Sri Lanka's government will propose an 18% cut in electricity prices for households on Thursday, a top official said, aiming to ease high living costs for millions living in the grip of the country's worst financial crisis in decades.

The island nation of 22 million people is grappling with a severe shortage of foreign exchange reserves that pushed its economy into freefall in 2022, shrinking it by 7.8% that year.

Sri Lanka increased power prices by 75% in September 2022 and by another 66% in February 2023 to fall in line with energy price adjustments required under a $2.9 billion bailout from the International Monetary Fund (IMF).

The power tariff rises together with higher taxes and fuel cost hikes pushed inflation to a record high of 70% in September 2022, later declining to 6.5% in January 2024.

The tariff reduction to be proposed to the power regulator is possible due to increased rainfall, the appreciation of the rupee and lower interest rates, Power and Energy Minister Kanchana Wijesekera told parliament on Wednesday.

"We will reduce tariffs by 18% on households and religious institutions. A reduction of 12% will be given to factories," he said.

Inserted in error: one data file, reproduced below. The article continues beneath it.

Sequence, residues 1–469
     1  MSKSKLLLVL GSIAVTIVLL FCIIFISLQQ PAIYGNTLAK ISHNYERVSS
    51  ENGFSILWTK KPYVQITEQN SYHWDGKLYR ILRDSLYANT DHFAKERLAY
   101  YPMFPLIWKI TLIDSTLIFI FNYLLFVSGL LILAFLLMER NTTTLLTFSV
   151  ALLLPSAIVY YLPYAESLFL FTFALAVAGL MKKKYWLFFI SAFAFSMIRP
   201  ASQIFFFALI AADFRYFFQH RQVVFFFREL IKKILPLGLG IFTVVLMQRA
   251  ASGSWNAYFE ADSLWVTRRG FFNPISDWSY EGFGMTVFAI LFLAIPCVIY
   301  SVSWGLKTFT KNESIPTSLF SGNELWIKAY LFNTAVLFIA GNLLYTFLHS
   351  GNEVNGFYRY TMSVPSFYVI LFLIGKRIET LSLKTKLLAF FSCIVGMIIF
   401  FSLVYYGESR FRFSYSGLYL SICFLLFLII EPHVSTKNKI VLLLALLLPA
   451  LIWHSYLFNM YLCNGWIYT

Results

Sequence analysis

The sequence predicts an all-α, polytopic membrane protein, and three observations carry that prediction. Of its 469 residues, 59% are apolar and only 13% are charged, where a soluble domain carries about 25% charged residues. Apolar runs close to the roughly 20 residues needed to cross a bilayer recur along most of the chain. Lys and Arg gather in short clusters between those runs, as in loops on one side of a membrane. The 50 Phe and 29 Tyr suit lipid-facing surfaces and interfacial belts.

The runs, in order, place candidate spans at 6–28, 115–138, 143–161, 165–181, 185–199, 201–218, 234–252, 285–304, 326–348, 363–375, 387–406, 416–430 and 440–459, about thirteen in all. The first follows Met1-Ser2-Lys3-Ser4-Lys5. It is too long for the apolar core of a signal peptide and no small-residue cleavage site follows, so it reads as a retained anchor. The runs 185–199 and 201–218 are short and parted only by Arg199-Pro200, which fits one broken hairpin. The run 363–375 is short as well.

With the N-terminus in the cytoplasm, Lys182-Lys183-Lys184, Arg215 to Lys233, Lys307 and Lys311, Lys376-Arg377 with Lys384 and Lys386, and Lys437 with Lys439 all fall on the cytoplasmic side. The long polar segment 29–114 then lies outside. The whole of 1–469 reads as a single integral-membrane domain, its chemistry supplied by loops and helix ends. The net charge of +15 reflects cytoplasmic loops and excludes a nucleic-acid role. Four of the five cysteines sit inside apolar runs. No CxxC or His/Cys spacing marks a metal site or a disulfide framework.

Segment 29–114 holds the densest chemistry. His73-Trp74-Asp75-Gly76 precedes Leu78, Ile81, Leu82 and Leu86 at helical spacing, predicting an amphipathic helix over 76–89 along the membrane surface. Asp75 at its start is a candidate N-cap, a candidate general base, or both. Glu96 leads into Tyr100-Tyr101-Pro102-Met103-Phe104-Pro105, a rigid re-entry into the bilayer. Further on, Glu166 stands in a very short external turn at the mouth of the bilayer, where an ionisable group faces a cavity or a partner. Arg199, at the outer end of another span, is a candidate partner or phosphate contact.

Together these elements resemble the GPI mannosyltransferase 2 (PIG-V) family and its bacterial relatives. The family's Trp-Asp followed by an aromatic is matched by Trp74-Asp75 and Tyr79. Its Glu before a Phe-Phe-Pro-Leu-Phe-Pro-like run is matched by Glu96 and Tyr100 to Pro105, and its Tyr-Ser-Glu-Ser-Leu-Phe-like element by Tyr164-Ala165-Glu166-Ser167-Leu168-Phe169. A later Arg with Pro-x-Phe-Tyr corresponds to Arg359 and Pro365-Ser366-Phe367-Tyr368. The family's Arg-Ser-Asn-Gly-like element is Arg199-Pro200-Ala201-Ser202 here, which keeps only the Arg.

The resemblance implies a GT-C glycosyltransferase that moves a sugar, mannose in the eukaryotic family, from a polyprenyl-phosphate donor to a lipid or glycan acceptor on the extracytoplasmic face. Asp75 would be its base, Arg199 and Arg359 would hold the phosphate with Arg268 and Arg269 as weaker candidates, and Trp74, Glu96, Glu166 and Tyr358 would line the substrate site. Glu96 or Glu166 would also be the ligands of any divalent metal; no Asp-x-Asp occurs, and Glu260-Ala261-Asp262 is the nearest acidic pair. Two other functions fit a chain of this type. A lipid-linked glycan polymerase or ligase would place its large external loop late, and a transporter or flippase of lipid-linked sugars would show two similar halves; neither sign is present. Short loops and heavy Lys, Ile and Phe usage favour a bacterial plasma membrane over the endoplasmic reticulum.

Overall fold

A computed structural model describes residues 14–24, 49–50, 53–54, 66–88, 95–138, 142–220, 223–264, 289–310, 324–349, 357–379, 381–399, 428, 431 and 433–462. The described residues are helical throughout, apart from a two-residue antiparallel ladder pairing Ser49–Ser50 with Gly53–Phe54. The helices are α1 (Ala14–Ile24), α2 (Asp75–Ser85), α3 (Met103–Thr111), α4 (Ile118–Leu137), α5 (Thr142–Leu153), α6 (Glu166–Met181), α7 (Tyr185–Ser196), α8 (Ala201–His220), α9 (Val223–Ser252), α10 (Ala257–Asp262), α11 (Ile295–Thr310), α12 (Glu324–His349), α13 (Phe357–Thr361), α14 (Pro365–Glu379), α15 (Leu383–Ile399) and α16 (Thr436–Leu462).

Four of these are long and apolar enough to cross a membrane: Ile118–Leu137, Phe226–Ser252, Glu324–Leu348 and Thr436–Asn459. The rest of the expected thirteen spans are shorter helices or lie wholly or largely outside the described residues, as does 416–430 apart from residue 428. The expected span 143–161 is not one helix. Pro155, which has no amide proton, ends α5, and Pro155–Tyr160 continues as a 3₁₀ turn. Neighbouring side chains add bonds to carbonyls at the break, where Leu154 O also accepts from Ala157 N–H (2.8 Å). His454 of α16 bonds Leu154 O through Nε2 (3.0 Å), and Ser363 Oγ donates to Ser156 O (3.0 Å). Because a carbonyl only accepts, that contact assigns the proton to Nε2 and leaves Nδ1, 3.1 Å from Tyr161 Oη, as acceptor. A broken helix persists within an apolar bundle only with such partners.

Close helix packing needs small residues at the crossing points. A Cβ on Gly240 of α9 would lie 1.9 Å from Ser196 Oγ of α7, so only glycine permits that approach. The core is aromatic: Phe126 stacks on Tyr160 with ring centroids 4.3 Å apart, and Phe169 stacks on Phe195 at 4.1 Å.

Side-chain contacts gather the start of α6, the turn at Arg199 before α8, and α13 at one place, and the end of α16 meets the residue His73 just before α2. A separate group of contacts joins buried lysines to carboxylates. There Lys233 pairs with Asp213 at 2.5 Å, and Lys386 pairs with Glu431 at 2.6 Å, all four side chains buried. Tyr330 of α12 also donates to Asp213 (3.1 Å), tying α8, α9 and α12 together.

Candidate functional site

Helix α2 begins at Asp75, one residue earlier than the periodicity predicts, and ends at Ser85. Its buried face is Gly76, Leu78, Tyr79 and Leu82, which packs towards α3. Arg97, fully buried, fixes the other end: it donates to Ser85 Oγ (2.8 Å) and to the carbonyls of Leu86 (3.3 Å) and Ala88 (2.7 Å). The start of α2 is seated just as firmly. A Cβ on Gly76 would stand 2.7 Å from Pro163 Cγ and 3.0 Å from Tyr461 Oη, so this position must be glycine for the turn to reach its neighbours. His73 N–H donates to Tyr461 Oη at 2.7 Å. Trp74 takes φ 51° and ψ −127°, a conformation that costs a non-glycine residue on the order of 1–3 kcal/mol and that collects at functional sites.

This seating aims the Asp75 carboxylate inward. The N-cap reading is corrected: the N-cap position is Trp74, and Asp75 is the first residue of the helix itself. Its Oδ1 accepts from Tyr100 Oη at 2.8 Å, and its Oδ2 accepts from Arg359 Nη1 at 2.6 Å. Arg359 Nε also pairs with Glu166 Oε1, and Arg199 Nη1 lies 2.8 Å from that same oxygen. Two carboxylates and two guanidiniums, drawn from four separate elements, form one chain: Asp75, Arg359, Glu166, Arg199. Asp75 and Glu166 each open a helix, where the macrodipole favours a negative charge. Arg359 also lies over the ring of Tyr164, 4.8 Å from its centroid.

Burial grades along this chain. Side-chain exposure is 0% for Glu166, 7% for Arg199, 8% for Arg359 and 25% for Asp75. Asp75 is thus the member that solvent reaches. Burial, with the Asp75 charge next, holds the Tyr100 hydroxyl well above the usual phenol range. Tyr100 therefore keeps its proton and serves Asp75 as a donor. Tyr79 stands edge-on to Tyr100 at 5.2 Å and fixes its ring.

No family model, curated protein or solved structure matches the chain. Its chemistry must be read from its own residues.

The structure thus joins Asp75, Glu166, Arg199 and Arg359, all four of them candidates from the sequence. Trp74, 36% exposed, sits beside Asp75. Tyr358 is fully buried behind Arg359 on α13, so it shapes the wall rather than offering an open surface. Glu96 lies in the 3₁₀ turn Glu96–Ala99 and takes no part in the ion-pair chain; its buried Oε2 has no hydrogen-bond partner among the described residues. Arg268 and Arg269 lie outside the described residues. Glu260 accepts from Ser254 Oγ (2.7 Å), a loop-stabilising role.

"We want to pass on as much relief as possible to the people, as soon as possible."

In October, the power regulator approved an 18% electricity tariff hike for households as part of efforts to boost the revenues of state-run power monopoly the Ceylon Electricity Board. A decision about the proposed tariff cut announced on Wednesday is expected from the regulator in the next couple of weeks.

The four-year Extended Fund Facility with the IMF, finalised in March last year, comes with conditions that include raising taxes, removing subsidies and cutting public sector debt.

Sri Lanka's central bank expects inflation to return to the government's 5% target from the last two quarters of the year but warned that it could be affected by higher global and local energy prices.

(Reporting by Uditha Jayasinghe; writing by Sudipto Ganguly; editing by Andrew Heavens, William Maclean)